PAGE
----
Advertisement
  1. Nation & World

Mueller report: Trump campaign did not coordinate with Russia in 2016

Published Mar. 25

WASHINGTON — The Justice Department declared Sunday that special counsel Robert Mueller's long investigation did not find evidence that President Donald Trump's campaign "conspired or coordinated" with Russia to influence the 2016 presidential election, setting off celebrations of vindication by Trump and his supporters. Mueller also investigated whether Trump obstructed justice but did not come to a definitive answer.

In a four-page letter to Congress, Attorney General William Barr quoted Mueller's report as stating it "does not exonerate" the president on obstruction. Instead, Barr said, it "sets out evidence on both sides of the question."

Trump, in Florida, said the report proved "there was no collusion" as he has contended for many months. He also claimed it showed there was no obstruction and said it was a shame that he and the nation had to suffer through "an illegal takedown that failed."

Barr released his summary of Mueller's report Sunday afternoon. Mueller wrapped up his investigation on Friday with no new indictments, bringing to a close a probe that has shadowed Trump for nearly two years.

But the broader fight is not over.

Congress' top Democrats, Chuck Schumer of New York in the Senate and House Speaker Nancy Pelosi, put out a statement saying Barr's letter raises as many questions as it answers, including about his own decision not to prosecute on possible obstruction.

"Given Mr. Barr's public record of bias against the special counsel's inquiry, he is not a neutral observer and is not in a position to make objective determinations about the report," they said. Trump's claim of complete exoneration "directly contradicts the words of Mrs. Mueller and is not to be taken with any degree of credibility," they added.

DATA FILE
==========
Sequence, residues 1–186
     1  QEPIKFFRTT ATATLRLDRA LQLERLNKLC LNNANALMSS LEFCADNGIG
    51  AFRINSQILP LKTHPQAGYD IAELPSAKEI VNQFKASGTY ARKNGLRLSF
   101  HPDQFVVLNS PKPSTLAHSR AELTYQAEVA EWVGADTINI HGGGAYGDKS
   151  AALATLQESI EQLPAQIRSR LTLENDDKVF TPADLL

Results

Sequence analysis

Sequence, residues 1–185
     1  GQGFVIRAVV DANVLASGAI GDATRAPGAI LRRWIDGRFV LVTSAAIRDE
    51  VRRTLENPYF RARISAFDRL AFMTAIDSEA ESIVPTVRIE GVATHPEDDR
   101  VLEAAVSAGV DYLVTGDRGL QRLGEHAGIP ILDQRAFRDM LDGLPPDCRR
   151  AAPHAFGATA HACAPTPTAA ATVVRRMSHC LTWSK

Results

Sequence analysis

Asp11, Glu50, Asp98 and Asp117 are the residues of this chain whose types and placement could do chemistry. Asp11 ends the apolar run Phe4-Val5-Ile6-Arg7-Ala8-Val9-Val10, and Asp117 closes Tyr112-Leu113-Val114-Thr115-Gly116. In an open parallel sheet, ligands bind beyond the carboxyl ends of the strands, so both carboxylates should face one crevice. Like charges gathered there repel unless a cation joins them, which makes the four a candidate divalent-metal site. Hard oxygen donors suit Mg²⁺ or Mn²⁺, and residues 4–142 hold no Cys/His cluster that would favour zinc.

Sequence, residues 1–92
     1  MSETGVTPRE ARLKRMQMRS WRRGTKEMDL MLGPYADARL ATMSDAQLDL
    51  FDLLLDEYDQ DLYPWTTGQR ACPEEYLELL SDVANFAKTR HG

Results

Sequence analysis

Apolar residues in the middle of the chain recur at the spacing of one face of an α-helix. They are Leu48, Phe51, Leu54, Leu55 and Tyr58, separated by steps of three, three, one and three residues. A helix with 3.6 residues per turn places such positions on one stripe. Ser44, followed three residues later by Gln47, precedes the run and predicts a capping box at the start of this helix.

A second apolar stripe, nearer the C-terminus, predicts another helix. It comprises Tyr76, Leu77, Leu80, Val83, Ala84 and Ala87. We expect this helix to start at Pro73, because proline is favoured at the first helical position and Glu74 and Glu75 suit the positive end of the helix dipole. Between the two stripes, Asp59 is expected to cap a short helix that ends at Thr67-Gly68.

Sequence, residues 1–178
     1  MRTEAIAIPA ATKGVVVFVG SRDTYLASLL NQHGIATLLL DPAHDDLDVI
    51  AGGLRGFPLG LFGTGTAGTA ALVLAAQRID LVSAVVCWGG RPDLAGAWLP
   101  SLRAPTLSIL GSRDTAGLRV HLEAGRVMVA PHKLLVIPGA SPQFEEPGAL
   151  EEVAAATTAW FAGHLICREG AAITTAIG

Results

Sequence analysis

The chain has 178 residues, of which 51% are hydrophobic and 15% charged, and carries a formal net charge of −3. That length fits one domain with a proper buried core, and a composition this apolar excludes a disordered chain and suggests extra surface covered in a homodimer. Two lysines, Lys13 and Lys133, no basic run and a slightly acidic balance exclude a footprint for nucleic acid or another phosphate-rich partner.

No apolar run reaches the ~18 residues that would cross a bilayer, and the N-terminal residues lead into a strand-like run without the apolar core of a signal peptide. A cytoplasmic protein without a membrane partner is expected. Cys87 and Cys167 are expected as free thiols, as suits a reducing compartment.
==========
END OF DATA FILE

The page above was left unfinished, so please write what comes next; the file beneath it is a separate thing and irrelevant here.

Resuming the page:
The Justice Department summary sets up a battle between Barr and Democrats, who called for Mueller's full report to be released and vowed to press on with their own investigation.

For Trump, Barr's report was a victory on a key question that has hung over his presidency from the start: Did his campaign work with Russia to defeat Democrat Hillary Clinton?

Still, Mueller's investigation left open the question of whether Trump obstructed justice by firing FBI Director James Comey and drafting an incomplete explanation about his son's meeting with a Russian lawyer during the campaign. That left it to the attorney general to decide. After consulting with other department officials, Barr said he and his deputy, Rod Rosenstein, determined the evidence "is not sufficient to establish that the president committed an obstruction of justice offense."

Barr, nominated to his job by Trump last fall, said their decision was based on the evidence uncovered by Mueller and not based on whether a sitting president can be indicted.

Trump was at his Florida estate when lawmakers received the report. Barr's chief of staff called Emmet Flood, the lead White House lawyer on the investigation, to brief him on the findings shortly before he sent it to Congress.